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A piston valve that could be filled from chamber side.

Post questions and info about pneumatic (compressed gas) powered cannons here. This includes discussion about valves, pipe types, compressors, alternate gas setups, and anything else relevant.
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A piston valve that could be filled from chamber side.

Unread postAuthor: Leonard » Tue Jul 29, 2008 5:49 pm

Just a quick question for you fellow spudders, would it be possible to make a piston valve that could be filled from chamber side (barrel sealing piston valve) so that the rear of the tee is used only to exhaust air, not to fill? Mainly like a sprinkler valve, but in the form of a piston.

Thanks for the input, if my question is unclear feel at ease to tell me
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Last edited by Leonard on Tue Jul 29, 2008 5:57 pm, edited 1 time in total.
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Unread postAuthor: SpudFarm » Tue Jul 29, 2008 5:52 pm

no it wont
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Unread postAuthor: jrrdw » Tue Jul 29, 2008 5:53 pm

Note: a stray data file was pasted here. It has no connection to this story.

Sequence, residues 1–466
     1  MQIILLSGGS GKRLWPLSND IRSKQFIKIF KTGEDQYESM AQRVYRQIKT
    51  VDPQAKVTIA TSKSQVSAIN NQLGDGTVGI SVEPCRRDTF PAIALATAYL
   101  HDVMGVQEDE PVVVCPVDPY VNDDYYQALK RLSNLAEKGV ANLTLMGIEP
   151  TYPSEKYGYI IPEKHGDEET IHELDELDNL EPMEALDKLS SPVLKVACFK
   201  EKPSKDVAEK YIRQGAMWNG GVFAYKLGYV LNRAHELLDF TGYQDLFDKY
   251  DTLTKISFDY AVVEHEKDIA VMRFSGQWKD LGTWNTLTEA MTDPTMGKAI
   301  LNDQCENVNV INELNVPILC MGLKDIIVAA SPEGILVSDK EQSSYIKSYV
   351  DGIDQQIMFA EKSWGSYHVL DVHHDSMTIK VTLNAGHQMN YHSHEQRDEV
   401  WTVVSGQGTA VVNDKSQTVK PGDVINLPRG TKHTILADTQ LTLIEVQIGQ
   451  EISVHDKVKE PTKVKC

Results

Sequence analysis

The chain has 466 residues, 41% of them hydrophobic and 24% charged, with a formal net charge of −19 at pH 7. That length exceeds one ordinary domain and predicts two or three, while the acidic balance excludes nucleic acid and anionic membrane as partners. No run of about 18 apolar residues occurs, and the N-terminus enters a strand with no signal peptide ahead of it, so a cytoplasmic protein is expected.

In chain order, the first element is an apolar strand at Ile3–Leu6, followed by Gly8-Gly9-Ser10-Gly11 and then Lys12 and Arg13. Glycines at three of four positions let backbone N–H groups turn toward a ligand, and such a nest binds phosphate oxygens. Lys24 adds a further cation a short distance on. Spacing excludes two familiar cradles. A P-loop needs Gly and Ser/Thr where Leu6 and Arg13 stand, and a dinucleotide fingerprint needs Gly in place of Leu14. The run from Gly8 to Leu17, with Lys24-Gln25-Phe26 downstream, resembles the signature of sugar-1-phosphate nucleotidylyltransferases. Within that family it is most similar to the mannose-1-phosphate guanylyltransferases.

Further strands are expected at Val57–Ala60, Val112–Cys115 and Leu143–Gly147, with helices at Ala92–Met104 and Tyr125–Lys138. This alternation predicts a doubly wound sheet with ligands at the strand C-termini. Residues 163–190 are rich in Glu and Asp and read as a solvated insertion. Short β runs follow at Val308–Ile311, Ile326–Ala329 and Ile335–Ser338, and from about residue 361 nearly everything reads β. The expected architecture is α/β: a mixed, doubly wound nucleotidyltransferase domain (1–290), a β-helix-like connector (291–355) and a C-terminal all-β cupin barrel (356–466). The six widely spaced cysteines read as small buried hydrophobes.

Yes, you can fill from the chamber side of the piston valve. You will need a spring to aid in piston sealing.
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Unread postAuthor: Leonard » Tue Jul 29, 2008 5:58 pm

jrrdw wrote:Yes, you can fill from the chamber side of the piston valve. You will need a spring to aid in piston sealing.


Do you realy think that only a spring could do the job? I was thinking that it could work by drilling a very small hole in a sleave (wich would contain the piston) that would be INSIDE the tee, but i might be wrong.
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Unread postAuthor: jrrdw » Tue Jul 29, 2008 6:04 pm

Why would you drill a small hole in the piston sleeve? Equiliztion from chamber to pilot? Typicly members who have filled from chamber side of the valve made their pistons fit loosely so the air could slip by.

Yes, a spring with the proper tension will work.
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Unread postAuthor: SpudFarm » Tue Jul 29, 2008 6:04 pm

it simply wont work since the spring has to be so strong that it will hold the piston there after it is piloted..
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Unread postAuthor: jrrdw » Tue Jul 29, 2008 6:11 pm

SpudFarm wrote:it simply wont work since the spring has to be so strong that it will hold the piston there after it is piloted..


No,no, no. Once the piston seals the pressure is equilized no matter how much more air you put in.

It is a bit harder to get the piston to seal, but it does work.
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Unread postAuthor: Leonard » Tue Jul 29, 2008 6:26 pm